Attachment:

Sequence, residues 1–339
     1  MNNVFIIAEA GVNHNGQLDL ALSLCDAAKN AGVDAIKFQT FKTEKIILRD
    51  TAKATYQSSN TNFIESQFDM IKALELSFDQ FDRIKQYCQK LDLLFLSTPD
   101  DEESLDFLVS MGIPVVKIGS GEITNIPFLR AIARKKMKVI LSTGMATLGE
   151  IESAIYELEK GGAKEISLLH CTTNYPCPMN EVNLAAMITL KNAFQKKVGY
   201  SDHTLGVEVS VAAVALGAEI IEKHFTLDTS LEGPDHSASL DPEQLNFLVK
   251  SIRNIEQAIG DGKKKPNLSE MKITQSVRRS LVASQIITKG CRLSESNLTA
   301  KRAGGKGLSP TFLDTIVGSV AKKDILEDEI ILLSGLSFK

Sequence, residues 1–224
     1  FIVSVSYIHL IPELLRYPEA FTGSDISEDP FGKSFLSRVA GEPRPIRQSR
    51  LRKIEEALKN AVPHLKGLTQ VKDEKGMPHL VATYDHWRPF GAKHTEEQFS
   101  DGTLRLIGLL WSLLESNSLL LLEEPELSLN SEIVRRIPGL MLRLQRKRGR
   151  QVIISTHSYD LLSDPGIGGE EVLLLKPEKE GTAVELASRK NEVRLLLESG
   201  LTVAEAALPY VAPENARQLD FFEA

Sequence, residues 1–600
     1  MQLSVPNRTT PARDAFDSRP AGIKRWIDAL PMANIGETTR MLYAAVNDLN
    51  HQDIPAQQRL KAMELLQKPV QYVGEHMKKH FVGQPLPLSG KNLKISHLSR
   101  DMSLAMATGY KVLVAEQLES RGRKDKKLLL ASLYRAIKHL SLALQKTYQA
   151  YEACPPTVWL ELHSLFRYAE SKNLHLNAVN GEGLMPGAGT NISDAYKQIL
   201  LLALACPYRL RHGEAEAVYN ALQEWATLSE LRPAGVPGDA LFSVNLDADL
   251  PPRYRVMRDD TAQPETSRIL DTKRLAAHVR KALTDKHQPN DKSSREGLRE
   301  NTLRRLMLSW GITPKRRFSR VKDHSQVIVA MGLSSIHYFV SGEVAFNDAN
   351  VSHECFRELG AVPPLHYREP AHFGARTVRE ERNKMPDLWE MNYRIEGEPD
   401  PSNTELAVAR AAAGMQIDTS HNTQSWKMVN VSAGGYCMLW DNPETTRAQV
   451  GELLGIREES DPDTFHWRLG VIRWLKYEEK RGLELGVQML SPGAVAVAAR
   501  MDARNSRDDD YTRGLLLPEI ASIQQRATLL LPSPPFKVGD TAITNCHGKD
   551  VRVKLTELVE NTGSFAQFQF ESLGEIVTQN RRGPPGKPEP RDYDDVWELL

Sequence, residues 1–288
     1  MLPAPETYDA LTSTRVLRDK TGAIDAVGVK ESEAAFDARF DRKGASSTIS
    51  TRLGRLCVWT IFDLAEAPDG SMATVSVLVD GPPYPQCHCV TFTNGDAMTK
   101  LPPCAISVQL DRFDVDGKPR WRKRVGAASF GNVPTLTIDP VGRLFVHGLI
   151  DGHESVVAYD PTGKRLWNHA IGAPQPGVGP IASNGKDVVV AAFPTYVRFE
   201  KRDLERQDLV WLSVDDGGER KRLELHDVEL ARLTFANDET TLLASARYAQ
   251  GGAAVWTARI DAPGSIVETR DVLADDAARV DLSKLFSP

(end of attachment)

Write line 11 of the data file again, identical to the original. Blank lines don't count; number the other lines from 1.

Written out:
    51  LRKIEEALKN AVPHLKGLTQ VKDEKGMPHL VATYDHWRPF GAKHTEEQFS